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Luigi "Gigi" De Canio (born 26 September 1957) is an Italian football manager, currently in charge of Ternana, and a former player who played as a full-back.

Luigi De Canio
Luigi de canio.JPG
Personal information
Date of birth (1957-09-26) 26 September 1957 (age 61)
Place of birth Matera, Italy
Height 1.72 m (5 ft 8 in)[1]
Playing position Full-back
Club information
Current team
Ternana (manager)
Senior career*
Years Team Apps (Gls)
1975–1977 Matera 46 (0)
1977–1978 Brindisi 32 (1)
1978–1979 Matera 32 (0)
1979–1981 Chieti 61 (0)
1981 Salernitana 3 (0)
1981–1986 Matera 141 (2)
1986 Livorno 5 (1)
1986–1987 Galatina Pro Italia 8 (0)
1987–1989 Pisticci
Teams managed
1988–1993 Pisticci
1993–1995 Savoia
1995–1996 Siena
1996–1997 Carpi
1997–1998 Lucchese
1998–1999 Pescara
1999–2001 Udinese
2001–2002 Napoli
2002–2003 Reggina
2004 Genoa
2005–2006 Siena
2007–2008 Queens Park Rangers
2009–2011 Lecce
2012 Genoa
2013–2014 Catania
2016 Udinese
2018– Ternana
* Senior club appearances and goals counted for the domestic league only




De Canio, a full back, played mostly with Serie C1 and Serie C2 teams, his lone season in Serie B being 1979–80 with Matera, marking his debut in the division on 16 September 1979 against Genoa.[2] He retired in 1989 with amateur team Pisticci, of which he successively became head coach.


De Canio started his coaching career in 1989 with Promozione team Pisticci, immediately winning the league, being thus promoted to Serie D. He served as Pisticci boss for four more seasons before joining Serie C2 team Savoia during the 1993–94 season, and winning the promotion playoffs the following season. In 1995–96 he coached Siena of Serie C1, leading the Robur to an eighth place. In 1996–97 he signed for Serie C1 minnows Carpi, a team which featured a young Marco Materazzi among their players,[3] and led the Emilia-Romagna side to a surprising fourth place which allowed them to play the promotion playoffs. In 1997–98 he moved to Serie B club Lucchese, hardly saving them from relegation with a final 16th place. Initially with no club for the following season, De Canio was then signed by Pescara, where he narrowly missed a surprising promotion to the top flight.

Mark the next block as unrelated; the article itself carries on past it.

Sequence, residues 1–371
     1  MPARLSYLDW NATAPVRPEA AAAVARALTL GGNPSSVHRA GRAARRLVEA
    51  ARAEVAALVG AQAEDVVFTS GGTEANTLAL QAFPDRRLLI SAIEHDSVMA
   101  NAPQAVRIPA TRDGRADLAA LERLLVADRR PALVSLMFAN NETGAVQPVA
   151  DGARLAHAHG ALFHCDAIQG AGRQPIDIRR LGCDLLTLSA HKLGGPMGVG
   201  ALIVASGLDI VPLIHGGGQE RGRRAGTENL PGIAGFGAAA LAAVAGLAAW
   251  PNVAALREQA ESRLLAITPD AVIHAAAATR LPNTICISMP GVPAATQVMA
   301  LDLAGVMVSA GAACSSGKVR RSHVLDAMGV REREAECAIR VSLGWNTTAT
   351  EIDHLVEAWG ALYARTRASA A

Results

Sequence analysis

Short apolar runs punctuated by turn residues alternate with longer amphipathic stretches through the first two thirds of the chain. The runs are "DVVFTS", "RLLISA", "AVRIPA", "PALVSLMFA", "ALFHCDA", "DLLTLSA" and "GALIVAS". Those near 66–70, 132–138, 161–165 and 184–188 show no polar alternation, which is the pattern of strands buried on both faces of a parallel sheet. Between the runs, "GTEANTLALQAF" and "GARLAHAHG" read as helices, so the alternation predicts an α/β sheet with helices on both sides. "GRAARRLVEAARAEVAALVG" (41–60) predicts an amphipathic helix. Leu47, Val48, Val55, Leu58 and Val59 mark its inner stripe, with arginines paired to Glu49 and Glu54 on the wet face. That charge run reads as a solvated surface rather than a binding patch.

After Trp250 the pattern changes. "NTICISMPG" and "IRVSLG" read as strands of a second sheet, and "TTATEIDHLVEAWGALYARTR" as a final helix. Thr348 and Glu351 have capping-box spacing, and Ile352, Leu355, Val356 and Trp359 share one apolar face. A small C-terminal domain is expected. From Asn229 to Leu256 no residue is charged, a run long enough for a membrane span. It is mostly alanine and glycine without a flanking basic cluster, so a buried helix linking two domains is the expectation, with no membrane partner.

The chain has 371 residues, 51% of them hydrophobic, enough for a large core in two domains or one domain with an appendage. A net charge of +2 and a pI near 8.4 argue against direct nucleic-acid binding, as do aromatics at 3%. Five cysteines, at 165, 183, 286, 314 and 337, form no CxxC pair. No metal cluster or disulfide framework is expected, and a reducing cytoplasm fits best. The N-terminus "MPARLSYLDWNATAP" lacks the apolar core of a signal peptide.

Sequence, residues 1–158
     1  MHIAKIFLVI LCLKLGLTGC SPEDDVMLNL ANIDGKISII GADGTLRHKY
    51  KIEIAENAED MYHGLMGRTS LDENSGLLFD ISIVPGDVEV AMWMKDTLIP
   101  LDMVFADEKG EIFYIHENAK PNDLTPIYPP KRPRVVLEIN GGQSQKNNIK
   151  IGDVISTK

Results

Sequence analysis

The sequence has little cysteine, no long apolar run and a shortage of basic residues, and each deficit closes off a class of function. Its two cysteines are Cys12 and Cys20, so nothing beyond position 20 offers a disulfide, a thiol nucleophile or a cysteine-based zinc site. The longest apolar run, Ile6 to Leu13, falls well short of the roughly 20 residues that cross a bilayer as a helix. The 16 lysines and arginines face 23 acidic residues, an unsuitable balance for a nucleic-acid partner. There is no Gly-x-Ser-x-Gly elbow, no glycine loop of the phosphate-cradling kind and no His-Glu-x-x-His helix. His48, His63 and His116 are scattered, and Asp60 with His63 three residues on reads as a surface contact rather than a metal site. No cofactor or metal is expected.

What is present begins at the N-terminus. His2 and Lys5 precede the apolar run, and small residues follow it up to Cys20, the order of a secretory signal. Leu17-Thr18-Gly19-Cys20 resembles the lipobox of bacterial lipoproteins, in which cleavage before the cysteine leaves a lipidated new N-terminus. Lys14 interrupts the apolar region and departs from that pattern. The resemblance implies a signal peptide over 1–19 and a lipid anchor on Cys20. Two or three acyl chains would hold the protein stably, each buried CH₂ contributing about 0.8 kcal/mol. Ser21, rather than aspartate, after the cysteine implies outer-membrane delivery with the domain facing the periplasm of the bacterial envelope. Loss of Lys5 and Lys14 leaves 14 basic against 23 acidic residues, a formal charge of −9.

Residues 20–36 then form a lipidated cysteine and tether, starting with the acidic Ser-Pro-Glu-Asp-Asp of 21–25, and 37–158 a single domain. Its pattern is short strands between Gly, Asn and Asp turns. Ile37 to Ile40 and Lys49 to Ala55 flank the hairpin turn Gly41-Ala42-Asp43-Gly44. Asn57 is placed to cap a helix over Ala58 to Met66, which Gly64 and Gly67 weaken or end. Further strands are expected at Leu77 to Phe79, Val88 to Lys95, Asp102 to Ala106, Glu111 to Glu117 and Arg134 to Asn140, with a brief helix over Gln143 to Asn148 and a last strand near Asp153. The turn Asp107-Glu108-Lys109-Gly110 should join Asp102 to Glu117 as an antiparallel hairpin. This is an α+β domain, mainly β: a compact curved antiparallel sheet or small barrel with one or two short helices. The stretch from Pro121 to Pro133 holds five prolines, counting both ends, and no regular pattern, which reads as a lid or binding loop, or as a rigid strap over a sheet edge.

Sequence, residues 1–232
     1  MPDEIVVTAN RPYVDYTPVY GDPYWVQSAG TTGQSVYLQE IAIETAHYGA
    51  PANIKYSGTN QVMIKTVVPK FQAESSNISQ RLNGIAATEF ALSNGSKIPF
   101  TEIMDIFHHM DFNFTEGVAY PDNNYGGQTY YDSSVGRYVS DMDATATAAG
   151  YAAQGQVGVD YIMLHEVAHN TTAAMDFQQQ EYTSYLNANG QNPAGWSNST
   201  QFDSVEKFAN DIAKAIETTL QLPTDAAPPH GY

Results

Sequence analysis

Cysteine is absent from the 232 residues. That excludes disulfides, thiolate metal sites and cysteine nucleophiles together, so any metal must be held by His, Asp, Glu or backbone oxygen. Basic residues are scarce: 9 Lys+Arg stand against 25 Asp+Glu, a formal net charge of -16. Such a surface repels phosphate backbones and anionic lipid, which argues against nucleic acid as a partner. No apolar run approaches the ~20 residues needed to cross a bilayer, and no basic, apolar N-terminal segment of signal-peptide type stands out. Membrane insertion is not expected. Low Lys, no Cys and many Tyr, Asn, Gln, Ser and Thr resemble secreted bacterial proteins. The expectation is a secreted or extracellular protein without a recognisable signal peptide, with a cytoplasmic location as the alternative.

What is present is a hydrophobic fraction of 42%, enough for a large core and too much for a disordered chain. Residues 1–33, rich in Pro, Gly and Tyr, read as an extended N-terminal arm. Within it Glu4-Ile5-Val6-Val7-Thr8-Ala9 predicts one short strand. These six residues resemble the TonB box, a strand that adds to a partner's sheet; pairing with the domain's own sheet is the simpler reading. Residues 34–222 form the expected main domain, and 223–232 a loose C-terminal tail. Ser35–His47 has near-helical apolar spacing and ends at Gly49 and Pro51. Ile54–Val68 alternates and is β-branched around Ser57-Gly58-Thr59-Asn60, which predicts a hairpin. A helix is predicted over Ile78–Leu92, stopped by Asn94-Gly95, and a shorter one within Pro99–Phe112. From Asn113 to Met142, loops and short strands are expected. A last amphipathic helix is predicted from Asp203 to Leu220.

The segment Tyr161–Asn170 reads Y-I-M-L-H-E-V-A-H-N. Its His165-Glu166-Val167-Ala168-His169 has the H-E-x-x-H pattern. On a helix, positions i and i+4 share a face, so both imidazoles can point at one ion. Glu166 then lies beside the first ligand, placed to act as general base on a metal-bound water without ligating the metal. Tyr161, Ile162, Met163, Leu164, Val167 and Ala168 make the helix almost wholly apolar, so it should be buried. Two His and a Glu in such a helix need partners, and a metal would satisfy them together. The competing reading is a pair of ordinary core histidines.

De Canio took charge of a Pescara side that had slumped to 13th place in 1997–98 and lost two of its opening three matches in 1998–99. He guided i biancoazzuri to 63 points, finishing fifth, just one point from fourth, and only missed out on promotion due to the incredible, much-discussed victory of Reggina at Torino on the last day of the season (13 June 1999), which was called a few minutes early due to a pitch invasion.[4] Following his departure from Pescara, it finished 13th again the next season.

His impressive coaching performance with Pescara caused interest by Serie A club Udinese, which appointed him for the 1999–2000 season. His first Serie A campaign ended in an eighth place for the bianconeri and a place in the UEFA Intertoto Cup, which they successively won, thus ensuring a place in the UEFA Cup 2000–01.[5] In 2000–01, after a very impressive start, Udinese entered into a long result crisis which brought to De Canio being sacked on 19 March 2001 following a home loss to Parma and his replacement with Luciano Spalletti, who managed to save the club from relegation.[5][6]

In 2001–02, De Canio was appointed as Napoli boss with the goal to lead the azzurri back to Serie A; however he failed to do so, as Napoli ended their Serie B campaign in fifth place, six points shy of the fourth Serie A spot. He consequently left Napoli and was appointed at the helm of Reggina during the 2002–03 season, maintaining their place in the Italian top flight after winning a tie-breaking playoff to Atalanta. During the 2003–04, De Canio was called to replace Roberto Donadoni at the helm of Serie B club Genoa, which were fighting to escape relegation despite their initial promotion claims, leading the club to a final 16th place in the league table. He was later sacked by Genoa only a handful days before their Serie B 2004–05 debut to appoint Serse Cosmi at his place. He was then appointed on January 2005 by Serie A minnows Siena, a team which he already coached some years earlier, to replace Luigi Simoni, leading his side to escape relegation for two consecutive seasons.

Queens Park RangersEdit